Low Level Lasers—do they work. How is it even purported to work? It is supposed to increase the circulation and increase hair growth. I have seen the before and after photos just as you have and it looks impressive. ? I have actually been under a laser hair restoration machine as a research and can’t, for the life of me, determine how it truly can be beneficial for people with hair, especially with extension bonds close to the scalp blocking the laser from even going near your follicles. There is no way that the laser light can touch every follicle, much less even 25% of them, even if you don’t have extensions and just have medium to long hair on top. Now, I have seen some pretty tall claims on the Internet regarding the laser’s ability to repair chemically-treated hair. What?? That doesn’t even deserve a response. I can see if your hair is very short or you have just had transplants, MAYBE. But, on a natural head of relatively long hair? Good luck.
Hair transplants. Sorry, but this is the only proven method to effectively grow hair in the front hairline and to extend the hairline in general. The back of the hair consists of follicles not genetically prone to hair loss in most people. Most hairloss is prevalent in the crown and front to slightly front-side hair line. Ever hear of Male Pattern Baldness? Well, the follicles from the rear of the head are transplanted to the front because these follicles are typically immune to premature dormancy in most people. Just be sure to do your research because a good surgeon will transplant the fine hairs to your temples, and not implant big ole honkin’ follicles in this place so that it is less obvious. Hair transplant surgery is not a cake walk. It takes a while to fully recovery and even longer (about a year and a half) to truly start growing hair. Most will sprout within a few weeks but they will be short, and colorless and fragile. Leave them be! Not all of the follicles will maintain their ability to grow hair due to the trauma, and most will seem to “fall out” before they are even given a chance. Don’t look in the mirror, and go find a hobby.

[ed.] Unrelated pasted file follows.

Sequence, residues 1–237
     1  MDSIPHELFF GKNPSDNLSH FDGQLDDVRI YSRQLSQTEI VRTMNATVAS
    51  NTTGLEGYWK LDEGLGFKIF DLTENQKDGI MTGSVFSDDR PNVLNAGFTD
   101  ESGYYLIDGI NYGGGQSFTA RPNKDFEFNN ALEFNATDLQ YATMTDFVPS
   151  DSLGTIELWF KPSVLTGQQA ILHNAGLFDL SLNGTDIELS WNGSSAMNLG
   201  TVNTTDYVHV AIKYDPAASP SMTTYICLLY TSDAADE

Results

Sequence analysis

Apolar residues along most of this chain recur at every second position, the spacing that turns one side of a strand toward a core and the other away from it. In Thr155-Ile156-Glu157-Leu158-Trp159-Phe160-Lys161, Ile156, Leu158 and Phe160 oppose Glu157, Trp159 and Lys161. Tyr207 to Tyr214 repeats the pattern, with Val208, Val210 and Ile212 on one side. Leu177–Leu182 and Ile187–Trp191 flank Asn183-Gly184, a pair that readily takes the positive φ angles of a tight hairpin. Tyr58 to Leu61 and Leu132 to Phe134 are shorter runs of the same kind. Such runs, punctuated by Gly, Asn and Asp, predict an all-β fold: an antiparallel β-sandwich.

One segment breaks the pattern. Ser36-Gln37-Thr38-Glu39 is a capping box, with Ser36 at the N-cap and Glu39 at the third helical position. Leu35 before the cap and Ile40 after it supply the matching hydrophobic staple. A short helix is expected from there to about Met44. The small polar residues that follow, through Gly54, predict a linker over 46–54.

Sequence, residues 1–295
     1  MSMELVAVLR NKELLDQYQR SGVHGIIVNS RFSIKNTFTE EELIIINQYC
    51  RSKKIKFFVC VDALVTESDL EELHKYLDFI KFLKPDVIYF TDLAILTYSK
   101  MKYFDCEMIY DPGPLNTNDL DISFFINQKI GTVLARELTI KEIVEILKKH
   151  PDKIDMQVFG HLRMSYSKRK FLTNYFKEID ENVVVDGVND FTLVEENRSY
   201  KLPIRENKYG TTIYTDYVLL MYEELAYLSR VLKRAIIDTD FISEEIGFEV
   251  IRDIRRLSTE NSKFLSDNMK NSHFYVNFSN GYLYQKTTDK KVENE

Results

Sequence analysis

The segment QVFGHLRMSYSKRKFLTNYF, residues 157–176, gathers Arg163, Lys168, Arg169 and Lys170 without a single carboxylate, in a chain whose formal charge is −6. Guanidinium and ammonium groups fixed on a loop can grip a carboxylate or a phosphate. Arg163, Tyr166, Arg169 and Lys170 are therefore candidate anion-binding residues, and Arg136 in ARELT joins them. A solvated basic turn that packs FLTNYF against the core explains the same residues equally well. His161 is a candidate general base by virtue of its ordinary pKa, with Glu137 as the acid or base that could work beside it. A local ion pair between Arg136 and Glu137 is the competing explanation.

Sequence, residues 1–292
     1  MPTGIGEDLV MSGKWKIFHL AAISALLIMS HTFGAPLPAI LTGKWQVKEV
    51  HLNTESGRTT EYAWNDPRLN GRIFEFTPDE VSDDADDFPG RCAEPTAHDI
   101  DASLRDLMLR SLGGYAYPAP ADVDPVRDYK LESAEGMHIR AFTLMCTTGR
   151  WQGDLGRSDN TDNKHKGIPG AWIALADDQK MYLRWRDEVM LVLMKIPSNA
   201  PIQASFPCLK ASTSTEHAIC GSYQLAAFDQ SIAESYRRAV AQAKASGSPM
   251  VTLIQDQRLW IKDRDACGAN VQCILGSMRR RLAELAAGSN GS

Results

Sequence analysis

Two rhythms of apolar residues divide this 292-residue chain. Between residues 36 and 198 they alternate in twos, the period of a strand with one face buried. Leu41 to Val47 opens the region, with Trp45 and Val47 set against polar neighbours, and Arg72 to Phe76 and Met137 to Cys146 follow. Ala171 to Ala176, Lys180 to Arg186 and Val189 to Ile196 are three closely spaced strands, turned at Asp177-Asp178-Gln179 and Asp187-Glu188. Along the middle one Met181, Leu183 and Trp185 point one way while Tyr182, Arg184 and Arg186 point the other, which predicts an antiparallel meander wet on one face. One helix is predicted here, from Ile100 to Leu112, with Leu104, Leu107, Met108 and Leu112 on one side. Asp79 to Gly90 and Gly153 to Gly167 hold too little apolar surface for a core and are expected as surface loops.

Take care when delving into the world of hair restoration. It will take time to discover what works for you, and any surgical means requires patience and a bit of luck. Don’t lose hope, however. I still have my thoughts on hair cloning. It will be the wave of the future. You don’t need to sacrifice too many healthy follicles because of the multiplication process. Hair stems cells are removed from healthy follicles on your scalp and then multiplied in a matrix in a petri dish. The stems cells are then implanted into the scalp where the hairloss has occurred. Not only do these stem cells grow into healthy follicles, they actually produce chemical signals that promote regeneration in dormant follicles which are near the implantation sites. Check out http://www.intercytex.com/ for more info.